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H. H. M.

When God came down from Heav'n—the living God

What signs and wonders mark’d His stately way? Brake out the winds in music where He trode ?

Shone o'er the heav'ns a brighter, softer day?

The dumb began to speak, the blind to see,

And the lame leap'd, and pain and paleness fled; The mourner's sunken eye grew bright with glee,

And from the tomb awoke the wondering dead !

When God went back to heav'n--the living God

Rode He the heavens upon a fiery car? Waved seraph-wings along His glorious road

Stood still to wonder each bright wandering star?

Upon the cross He hung, and bow'd the head,

And pray'd for them that smote, and them that curst ; And, drop by drop, His slow life-blood was shed,

And His last hour of suffering was His worst !


No. I.


The spacious firmament on high,
And all the blue etherial sky,
And spangled heavens a shining frame,
Their great original proclaim.
Th' unwearied Sun from day to day,
Does his Creator's praise display,
And publishes to every land
The work of an Almighty hand.
Soon as the evening shades prevail,
The Moon takes up the wonderous tale,
And nightly, to the listening Earth,
Repeats the story of her birth ;
While all the stars that round her burn,
And all the planets in their turn,
Confirm the tidings as they roll,
And spread the truth from pole to pole.
What though in solemn silence all
Move round the dark terrestrial ball,
What though nor voice, nor minstrel sound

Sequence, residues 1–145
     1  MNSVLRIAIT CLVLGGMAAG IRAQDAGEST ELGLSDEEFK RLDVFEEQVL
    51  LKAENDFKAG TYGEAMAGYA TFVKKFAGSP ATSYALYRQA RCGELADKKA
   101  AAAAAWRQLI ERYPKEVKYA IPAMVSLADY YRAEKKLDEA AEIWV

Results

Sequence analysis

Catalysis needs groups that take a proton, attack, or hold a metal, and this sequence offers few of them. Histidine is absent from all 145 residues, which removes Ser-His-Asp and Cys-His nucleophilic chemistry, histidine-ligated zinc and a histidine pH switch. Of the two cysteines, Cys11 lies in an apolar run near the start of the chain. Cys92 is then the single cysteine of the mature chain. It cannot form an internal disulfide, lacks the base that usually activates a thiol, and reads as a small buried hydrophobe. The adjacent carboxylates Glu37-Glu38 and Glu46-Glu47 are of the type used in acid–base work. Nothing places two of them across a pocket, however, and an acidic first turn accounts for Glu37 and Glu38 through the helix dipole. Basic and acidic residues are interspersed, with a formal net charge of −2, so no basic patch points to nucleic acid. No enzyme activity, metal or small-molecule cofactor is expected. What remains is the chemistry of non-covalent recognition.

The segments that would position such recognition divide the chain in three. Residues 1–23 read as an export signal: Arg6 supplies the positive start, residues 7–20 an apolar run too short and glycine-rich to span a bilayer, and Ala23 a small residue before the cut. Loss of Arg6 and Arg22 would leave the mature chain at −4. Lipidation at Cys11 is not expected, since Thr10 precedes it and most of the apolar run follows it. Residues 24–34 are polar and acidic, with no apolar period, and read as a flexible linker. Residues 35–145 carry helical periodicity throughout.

Among their radiant orbs be found,
With saints and angels they rejoice,
And utter forth their glorious voice :
For ever singing as they shine,
“ The hand that made us is Divine !"


No. II.

R. H.

Oh blest were the accents of early creation,

When the Word of Jehovah came down from above ; In the clods of the earth to infuse animation,

And wake their cold atoms to life and to love !

And mighty the tones which the firmament rended,

When on wheels of the thunder, and wings of the wind, By light'ning, and hail, and thick darkness attended,

He uttered on Sinai His laws to mankind.

And sweet was the voice of the First-born of Heaven,

(Though poor His apparel, though earthly His form,) Who said to the mourner, “ Thy sins are forgiven !"

“ Be whole !" to the sick,--and “ Be still !” to the storm.

Oh Judge of the world ! when, array'd in Thy glory,

Thy summons again shall be heard from on high, While Nature stands trembling and naked before Thee,

And waits on Thy sentence to live or to die:

When the Heaven shall fly fast from the sound of Thy

thunder, And the Sun, in Thy light'nings, grow languid and pale, And the Sea yield her dead, and the Tomb cleave asunder,

In the hour of Thy terrors, let mercy prevail !


H. H. M.

LORD, have mercy, and remove us

Early to Thy place of rest,
Where the heavens are calm above us,

And as calm each sainted breast!

Holiest, hear us! by the anguish

On the cross Thou didst endure,
Let no more our sad hearts languish
In this

world obscure !

Gracious !—yet if our repentance

Be not perfect and sincere,
Lord, suspend Thy fatal sentence,

Leave us still in sadness here!

Leave us, Saviour! till our spirit

From each earthly taint is free;
Fit Thy kingdom to inherit,

Fit to take its rest with Thee !


R. H.

The sound of war! In earth and air

The volleying thunders roll :
Their fiery darts the Fiends prepare,
And dig the pit, and spread the snare,

Against the Christian's soul.
The Tyrant's sword, the rack, the flame,

The scorner's serpent-tone,
Of bitter doubt the barbed aim,
All, all conspire his heart to tame :
Force, fraud, and hellish fires assail
The rivets of his heavenly mail,

Amidst his foes alone.

Gods of the world! ye warrior host

Of darkness and of air,
In vain is all your impious boast,
In vain each missile lightening tost,

In vain the Tempter's snare !
Though fast and far your arrows fly,

Though mortal nerve and bone
Shrink in convulsive agony,
The Christian can your rage defy:
Towers o'er his head Salvation's crest,
Faith like a buckler, guards his breast,

Undaunted, though alone.

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